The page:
Groovin’ through Paul Frees and June Foray’s steeped-in-the-‘60s spoof of the fairy tale that is, like, for non-squares, you know?
PIXIE & DIXIE WITH MR. JINKS TELL THE STORY OF CINDERELLA
Hanna-Barbera Records – Cartoon Series HLP-2025 (12” 33 1/3 RPM / Mono / 1965)
Edited 7” 45 RPM Version: Hanna-Barbera CS-7029 (1965)
Reissues of 45 RPM Version on 12” 33 1/3 RPM: Columbia Special Products P-13908 (Condensed Story with Top Cat’s Robin Hood and Magilla Gorilla’s Alice in Wonderland / P-13934 Fred Flintstone Presents All-Time Favorite Children’s Songs and Stories (Condensed Story with Other HBR Reissues)
Executive Producers: William Hanna, Joseph Barbera. Producer/Writer/Director: Charles Shows. Music: Hoyt Curtin. Cover Design: Willie Ito. Cover Art: Ron Dias. Running Time: 36 minutes.
Voices: Paul Frees (Jinks, King, Prince Junior, Herald, Policeman, Narrator); June Foray (Dixie, Cinderella, Stepmother, Lena, Fatima, Fairy Godmother); Dick Beals (Pixie), Danny Hutton (Soloist).
Songs: “Cinderella” by Lynn Bryson, Larry Goldberg and Charles & Peggy Shows.
Of all the cartoon-related records that did not cast the original voices, this one is perhaps the most forgivable. Yes, the absence of Daws Butler and Don Messick makes one wonder what it could have been, but with Paul Frees and June Foray (plus an assist from Dick Beals), it transforms into a cross between Hanna-Barbera, Jay Ward and Stan Freberg.
Charles Shows, who was working on a virtual assembly line with these scripts just as the animators and other H-B staff were doing with their TV shows, must have taken a little extra time with the Cinderella script. There is a one-liner every few seconds, some genuinely funny (“They’d turn on television and they’d all sit around watching…but the only thing they’d let Cindy watch was the commercials! Talk about cruelty!”)
Because of the talent involved, the album becomes more than a collection of jokes. Frees’ Jinks narrates with empathy as well as way-cool beatnik detachment. Foray is nothing less than extraordinary, crafting Shows’ lines to give every character added nuance and dimension. Few albums offer such a wide cross-section of Frees and Foray characterizations.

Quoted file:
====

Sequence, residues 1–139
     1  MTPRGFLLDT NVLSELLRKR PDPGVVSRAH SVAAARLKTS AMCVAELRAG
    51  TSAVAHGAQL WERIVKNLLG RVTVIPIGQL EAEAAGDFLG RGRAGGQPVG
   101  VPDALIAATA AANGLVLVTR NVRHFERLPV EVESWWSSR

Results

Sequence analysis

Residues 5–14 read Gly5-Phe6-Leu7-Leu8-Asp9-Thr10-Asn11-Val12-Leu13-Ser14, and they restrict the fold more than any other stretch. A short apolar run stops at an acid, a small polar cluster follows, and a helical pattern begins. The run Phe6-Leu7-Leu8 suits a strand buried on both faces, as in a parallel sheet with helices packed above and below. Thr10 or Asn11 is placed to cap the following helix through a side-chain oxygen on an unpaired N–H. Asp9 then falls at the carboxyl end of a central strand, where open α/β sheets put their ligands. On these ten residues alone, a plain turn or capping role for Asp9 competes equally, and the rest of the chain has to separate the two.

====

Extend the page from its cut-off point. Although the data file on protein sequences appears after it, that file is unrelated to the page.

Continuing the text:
The music editing it makes the most of Hoyt Curtin’s keen talent for creating music that, though used over and over again, still can seems tailor-made for each given purpose. The best examples are the two solo piano music beds from Golden Records’ “Songs of the Flintstones” album (“Dum Tot Song” and “I Flipped”). Heard with Frees’ seriocomic performance, the same music acts as an sympathetic theme for Cinderella.
This album is also willfully groovy. It’s a vivid time capsule of the overlap of the beach party, crooner era of fizzy pop and the British and American rock invasion’s progressive journey into shades and shadows. Either Shows was a car buff or he bought an issue of Hot Rod Magazine at Von’s, because he puts a lot of emphasis on such details as fuel injection engines, flatty mills and dummy spots (some of which would resurface on HBR’s “Hot Rod Granny” album).
Even Danny Hutton’s pensive, moody closing song is one of the best in the Cartoon Series. It’s a contrast to the relentless spoofery of the rest of the album, but Jinks’ transition gives the transition sense. The electric guitar accompanying Hutton sounds like the same one Fred Flintstone “played” on HBR’s Songs from Mary Poppins album.
GIVE A LITTLE LISTEN
Highlights from “Pixie and Dixie and Mr. Jinks Tell the Story of Cinderella”